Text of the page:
Assessment of Barriers to Improve Diabetes Management in Older Adults

A randomized controlled study

  1. Katie Weinger, EDD1,3
  1. 1Joslin Diabetes Center, Boston, Massachusetts
  2. 2Beth Israel Deaconess Medical Center, Boston, Massachusetts
  3. 3Harvard Medical School, Boston, Massachusetts
  4. 4Massachusetts College of Pharmacy for Health Sciences, Boston, Massachusetts
  1. Corresponding author: Medha N. Munshi, mmunshi{at}bidmc.harvard.edu.

Abstract

OBJECTIVE To evaluate whether assessment of barriers to self-care and strategies to cope with these barriers in older adults with diabetes is superior to usual care with attention control. The American Diabetes Association guidelines recommend the assessment of age-specific barriers. However, the effect of such strategy on outcomes is unknown.

RESEARCH DESIGN AND METHODS We randomized 100 subjects aged ≥69 years with poorly controlled diabetes (A1C >8%) in two groups. A geriatric diabetes team assessed barriers and developed strategies to help patients cope with barriers for an intervention group. The control group received equal amounts of attention time. The active intervention was performed for the first 6 months, followed by a “no-contact” period. Outcome measures included A1C, Tinetti test, 6-min walk test (6MWT), self-care frequency, and diabetes-related distress.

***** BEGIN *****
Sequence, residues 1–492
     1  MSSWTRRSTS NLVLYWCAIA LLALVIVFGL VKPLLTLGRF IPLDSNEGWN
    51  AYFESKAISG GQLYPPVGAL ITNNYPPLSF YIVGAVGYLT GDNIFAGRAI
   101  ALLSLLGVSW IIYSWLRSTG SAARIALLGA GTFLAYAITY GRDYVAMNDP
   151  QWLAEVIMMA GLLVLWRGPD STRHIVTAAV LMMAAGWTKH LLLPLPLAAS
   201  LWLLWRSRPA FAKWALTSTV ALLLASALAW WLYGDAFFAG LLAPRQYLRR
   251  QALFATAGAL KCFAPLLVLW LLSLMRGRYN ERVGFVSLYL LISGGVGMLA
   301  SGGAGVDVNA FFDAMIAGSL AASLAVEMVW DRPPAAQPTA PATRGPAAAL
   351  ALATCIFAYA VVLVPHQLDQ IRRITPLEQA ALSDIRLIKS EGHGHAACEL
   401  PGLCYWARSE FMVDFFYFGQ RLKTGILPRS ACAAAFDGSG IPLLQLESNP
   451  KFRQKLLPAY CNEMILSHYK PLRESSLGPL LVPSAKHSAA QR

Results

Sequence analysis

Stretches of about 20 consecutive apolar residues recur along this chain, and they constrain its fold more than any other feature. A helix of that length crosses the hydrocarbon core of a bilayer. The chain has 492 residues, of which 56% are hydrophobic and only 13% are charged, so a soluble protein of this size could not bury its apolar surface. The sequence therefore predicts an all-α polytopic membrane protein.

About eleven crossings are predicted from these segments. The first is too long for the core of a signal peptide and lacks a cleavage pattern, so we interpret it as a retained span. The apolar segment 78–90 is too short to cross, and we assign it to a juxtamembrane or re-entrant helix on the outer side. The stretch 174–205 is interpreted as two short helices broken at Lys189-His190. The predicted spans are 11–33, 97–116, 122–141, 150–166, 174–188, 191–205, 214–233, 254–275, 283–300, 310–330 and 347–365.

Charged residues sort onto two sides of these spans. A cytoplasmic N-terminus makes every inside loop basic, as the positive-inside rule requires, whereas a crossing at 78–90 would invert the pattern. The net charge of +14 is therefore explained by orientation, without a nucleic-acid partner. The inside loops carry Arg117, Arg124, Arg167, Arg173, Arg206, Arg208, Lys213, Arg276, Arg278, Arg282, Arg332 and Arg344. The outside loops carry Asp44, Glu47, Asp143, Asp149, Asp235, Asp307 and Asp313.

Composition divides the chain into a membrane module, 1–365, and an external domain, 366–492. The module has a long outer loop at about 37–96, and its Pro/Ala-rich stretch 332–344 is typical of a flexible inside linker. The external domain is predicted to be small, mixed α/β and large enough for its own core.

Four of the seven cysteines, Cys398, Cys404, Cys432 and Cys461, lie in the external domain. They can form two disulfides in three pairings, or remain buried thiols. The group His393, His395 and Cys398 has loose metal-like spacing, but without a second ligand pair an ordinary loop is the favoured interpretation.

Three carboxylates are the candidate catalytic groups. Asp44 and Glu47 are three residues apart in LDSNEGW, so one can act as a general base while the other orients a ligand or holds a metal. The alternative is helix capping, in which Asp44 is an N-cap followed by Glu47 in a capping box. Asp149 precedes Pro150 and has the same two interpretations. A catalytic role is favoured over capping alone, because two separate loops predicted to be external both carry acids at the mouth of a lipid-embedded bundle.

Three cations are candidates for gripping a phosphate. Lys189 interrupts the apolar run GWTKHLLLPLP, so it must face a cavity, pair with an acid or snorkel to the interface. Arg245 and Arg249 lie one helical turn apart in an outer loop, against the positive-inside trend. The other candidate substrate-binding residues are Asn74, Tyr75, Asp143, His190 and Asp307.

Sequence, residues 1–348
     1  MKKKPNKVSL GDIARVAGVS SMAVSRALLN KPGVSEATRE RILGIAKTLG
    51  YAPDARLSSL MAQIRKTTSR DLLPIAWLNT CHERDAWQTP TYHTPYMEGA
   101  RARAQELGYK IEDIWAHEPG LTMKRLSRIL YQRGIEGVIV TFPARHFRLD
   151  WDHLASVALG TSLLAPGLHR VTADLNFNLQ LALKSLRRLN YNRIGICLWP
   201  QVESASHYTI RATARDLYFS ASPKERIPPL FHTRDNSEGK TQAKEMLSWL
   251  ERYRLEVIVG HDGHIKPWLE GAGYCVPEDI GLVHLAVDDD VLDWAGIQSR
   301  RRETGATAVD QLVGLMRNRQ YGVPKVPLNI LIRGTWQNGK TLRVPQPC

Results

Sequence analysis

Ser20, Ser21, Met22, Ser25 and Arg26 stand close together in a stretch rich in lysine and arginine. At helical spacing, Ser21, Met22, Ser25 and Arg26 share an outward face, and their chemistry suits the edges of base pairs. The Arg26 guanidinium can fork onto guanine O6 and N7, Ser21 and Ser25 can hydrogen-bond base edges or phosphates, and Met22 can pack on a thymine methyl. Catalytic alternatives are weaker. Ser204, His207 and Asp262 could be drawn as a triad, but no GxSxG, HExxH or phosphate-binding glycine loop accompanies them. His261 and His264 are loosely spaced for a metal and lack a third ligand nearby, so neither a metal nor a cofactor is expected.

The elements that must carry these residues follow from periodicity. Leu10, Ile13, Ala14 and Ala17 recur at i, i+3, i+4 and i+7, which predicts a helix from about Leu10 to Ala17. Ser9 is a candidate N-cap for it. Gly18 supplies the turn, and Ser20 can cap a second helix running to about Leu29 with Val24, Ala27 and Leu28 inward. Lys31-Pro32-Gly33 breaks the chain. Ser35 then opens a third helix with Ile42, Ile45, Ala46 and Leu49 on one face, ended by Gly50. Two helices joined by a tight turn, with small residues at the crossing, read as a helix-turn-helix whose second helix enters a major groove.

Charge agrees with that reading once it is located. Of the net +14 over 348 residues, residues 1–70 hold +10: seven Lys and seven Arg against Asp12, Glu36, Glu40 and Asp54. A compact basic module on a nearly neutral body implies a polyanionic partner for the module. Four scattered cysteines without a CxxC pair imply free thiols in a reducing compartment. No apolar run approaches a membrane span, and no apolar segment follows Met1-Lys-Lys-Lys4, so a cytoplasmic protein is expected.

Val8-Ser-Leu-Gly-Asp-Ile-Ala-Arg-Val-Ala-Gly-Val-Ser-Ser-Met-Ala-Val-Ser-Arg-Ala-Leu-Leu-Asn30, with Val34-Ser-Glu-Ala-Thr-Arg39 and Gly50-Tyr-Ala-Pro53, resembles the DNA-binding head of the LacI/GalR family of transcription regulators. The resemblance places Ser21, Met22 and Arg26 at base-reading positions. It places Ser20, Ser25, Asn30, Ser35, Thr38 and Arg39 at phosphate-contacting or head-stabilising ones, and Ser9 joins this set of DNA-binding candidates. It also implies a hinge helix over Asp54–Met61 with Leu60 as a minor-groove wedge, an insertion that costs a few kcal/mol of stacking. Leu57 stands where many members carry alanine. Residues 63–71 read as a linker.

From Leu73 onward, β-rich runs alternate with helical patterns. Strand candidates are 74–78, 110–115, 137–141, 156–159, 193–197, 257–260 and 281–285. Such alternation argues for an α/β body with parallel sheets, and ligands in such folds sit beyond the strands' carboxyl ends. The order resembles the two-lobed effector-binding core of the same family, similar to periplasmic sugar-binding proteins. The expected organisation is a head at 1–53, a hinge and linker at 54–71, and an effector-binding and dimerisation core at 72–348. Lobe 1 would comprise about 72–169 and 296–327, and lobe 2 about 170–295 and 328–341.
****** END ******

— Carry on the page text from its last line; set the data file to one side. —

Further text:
RESULTS We assessed 100 patients (age 75 ± 5 years, duration 21 ± 13 years, 68% type 2 diabetes, 89% on insulin) over 12 months. After the active period, A1C decreased by −0.45% in the intervention group vs. −0.31% in the control group. At 12 months, A1C decreased further in the intervention group by −0.21% vs. 0% in control group (linear mixed-model, P < 0.03). The intervention group showed additional benefits in scores on measures of self-care (Self-Care Inventory-R), gait and balance (Tinetti), and endurance (6MWT) compared with the control group. Diabetes-related distress improved in both groups.

CONCLUSIONS Only attention between clinic visits lowers diabetes-related distress in older adults. However, communication with an educator cognizant of patients’ barriers improves glycemic control and self-care frequency, maintains functionality, and lowers distress in this population.

Footnotes

  • Received July 3, 2012.
  • Accepted August 27, 2012.

Readers may use this article as long as the work is properly cited, the use is educational and not for profit, and the work is not altered. See http://creativecommons.org/licenses/by-nc-nd/3.0/ for details.

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  1. Diabetes Care vol. 36 no. 3 543-549
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